Current Research and Scholarly InterestsAs a physician-scientist in the lab of Dr. Quertermous I work to understand the genetic basis of cardiovascular disease and the transcriptional and epigenomic mechanisms of atherosclerosis. My work is focused across four main areas of cardiovascular genetics and mechanisms of coronary artery disease and smooth muscle biology:
    1.Vascular smooth muscle specific ADAR1 mediated RNA editing of double stranded RNA and activation of the double stranded RNA receptor MDA5
    2.Defining on single cell resolution the cellular and epigenomic features of human vascular disease across vascular beds of differing embryonic origin
    3.CRISPRi screening with targeted perturb seq (TAPseq) to identify novel CAD genes in human coronary artery smooth muscle cells
    4.Investigation of the epigenetic and molecular basis of coronary artery disease and smooth muscle cell transition in mice with conditional smooth muscle genetic deletion of CAD genes Pdgfd and Sox9

    My work with Dr. Quertermous is focused on discovery of causal mechanisms of disease through leveraging human genetics with sophisticated molecular biology, single cell sequencing technologies, and mouse models of disease. This work attempts to apply multiple scientific research arms to ultimately lead to novel understandings of vascular disease and discover important new therapeutic approaches for drug discovery.

    Grant funding received for this work:

    Mentored Clinical Scientist Research Career Development Award (K08)(NIH/NHLBI, 1 K08 HL167699-01), Submitted June, 2022. PI: Weldy, Chad
    •Title of proposal: “ADAR Mediated RNA editing is a causal mechanism in coronary artery disease”.
    •Pending 08/01/2023 Start date
    •$850,000 over 5 years

    Career Development Award, American Heart Association (AHA CDA)(23CDA1042900), July, 2023 – June, 2026. PI: Weldy, Chad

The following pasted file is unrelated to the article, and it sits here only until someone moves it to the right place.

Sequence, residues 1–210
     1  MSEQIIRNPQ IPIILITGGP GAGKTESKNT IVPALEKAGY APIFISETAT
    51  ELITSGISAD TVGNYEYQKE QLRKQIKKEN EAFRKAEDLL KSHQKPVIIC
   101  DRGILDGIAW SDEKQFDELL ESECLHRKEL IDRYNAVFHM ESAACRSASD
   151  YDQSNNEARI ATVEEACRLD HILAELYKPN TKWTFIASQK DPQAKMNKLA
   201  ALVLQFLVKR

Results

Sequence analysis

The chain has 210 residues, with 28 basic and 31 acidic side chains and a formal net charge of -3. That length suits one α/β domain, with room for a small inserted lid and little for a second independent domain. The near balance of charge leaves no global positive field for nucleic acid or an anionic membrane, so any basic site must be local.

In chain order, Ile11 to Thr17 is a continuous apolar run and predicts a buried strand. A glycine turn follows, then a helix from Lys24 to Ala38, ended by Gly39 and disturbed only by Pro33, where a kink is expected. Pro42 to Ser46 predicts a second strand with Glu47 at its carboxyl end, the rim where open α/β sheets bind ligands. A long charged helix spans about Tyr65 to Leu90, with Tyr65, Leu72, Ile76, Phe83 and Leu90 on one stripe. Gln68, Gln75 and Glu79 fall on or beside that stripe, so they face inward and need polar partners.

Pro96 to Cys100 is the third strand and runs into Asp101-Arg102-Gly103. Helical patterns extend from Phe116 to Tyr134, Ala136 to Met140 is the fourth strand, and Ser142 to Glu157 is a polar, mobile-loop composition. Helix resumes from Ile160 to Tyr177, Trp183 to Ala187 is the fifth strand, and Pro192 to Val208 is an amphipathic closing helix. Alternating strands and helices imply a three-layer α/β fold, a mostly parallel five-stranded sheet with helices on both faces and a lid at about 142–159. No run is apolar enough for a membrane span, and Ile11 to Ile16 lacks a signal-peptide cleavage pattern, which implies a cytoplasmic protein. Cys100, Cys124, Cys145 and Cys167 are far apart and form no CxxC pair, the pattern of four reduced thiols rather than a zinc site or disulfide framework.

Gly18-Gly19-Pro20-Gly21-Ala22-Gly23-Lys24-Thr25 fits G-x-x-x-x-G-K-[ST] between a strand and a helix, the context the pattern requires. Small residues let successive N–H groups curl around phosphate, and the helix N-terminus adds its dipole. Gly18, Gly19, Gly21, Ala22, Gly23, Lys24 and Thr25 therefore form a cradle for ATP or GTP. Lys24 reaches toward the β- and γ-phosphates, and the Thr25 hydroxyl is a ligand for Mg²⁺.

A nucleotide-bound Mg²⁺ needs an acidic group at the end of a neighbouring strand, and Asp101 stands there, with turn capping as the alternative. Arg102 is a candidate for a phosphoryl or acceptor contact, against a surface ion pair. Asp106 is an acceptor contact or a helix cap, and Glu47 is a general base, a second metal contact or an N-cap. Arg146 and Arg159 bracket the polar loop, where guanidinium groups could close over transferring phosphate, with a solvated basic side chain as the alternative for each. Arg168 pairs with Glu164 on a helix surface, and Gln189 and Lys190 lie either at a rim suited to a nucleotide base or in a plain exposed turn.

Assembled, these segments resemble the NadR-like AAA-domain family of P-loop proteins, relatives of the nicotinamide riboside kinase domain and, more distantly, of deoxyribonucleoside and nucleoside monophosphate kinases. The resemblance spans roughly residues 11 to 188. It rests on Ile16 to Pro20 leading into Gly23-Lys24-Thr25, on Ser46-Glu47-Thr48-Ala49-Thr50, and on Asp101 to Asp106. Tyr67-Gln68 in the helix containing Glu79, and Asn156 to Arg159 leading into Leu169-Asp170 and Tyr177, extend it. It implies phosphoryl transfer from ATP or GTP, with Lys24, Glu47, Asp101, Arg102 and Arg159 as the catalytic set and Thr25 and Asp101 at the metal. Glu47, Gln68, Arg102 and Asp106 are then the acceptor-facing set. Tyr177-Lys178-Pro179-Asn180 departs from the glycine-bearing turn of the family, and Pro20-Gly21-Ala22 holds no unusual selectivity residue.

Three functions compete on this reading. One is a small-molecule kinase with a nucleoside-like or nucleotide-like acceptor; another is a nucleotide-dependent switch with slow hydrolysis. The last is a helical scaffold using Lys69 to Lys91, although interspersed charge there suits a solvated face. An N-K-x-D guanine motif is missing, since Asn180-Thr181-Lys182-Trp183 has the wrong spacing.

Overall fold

•Title of proposal: “Linking RNA editing to coronary artery calcification and disease”
    •Activation on 07/01/2023
    •$231,000 over three years

    NIH Loan Repayment Program (LRP) Award (NIH/NHLBI) Renewal Award, July, 2023. PI: Weldy, Chad
    •Title of proposal: “RNA editing is a causal mechanism of coronary artery disease”

    Ruth L. Kirschstein National Research Service Award (NRSA) Individual Postdoctoral Fellowship (F32) (NIH/NHLBI, 1 F32 HL160067-01), July, 2021. PI: Weldy, Chad
    • Titled, “A transcriptional network which governs smooth muscle transition is mediated by causal coronary artery disease gene PDGFD”
    •*Received perfect score with impact score 10, 1st percentile

    NIH Loan Repayment Program (LRP) Award (NIH/NHLBI), July, 2021. PI: Weldy, Chad
    •Title of proposal: "Single cell transcriptomic and epigenomic features of human atherosclerosis".
    •This will award up to $100,000 towards student loans over the next 24 months with opportunity for renewal after 24 months.

  • Wen-Kai Weng, MD, PhD

    Wen-Kai Weng, MD, PhD

    Associate Professor of Medicine (Blood and Marrow Transplantation and Cellular Therapy) and, by courtesy, of Dermatology

    Current Research and Scholarly InterestsMy research interest is on immunotherapy (including allogeneic transplant) of cancer. I have studies the mechanism of monoclonal antibody therapy in lymphoma patients and am currently working on designing new strategy to enhance the clinical efficacy of antibody therapy by infusing expanded NK cells. I am also interested in using tumor vaccine along with hematopoietic cell transplant.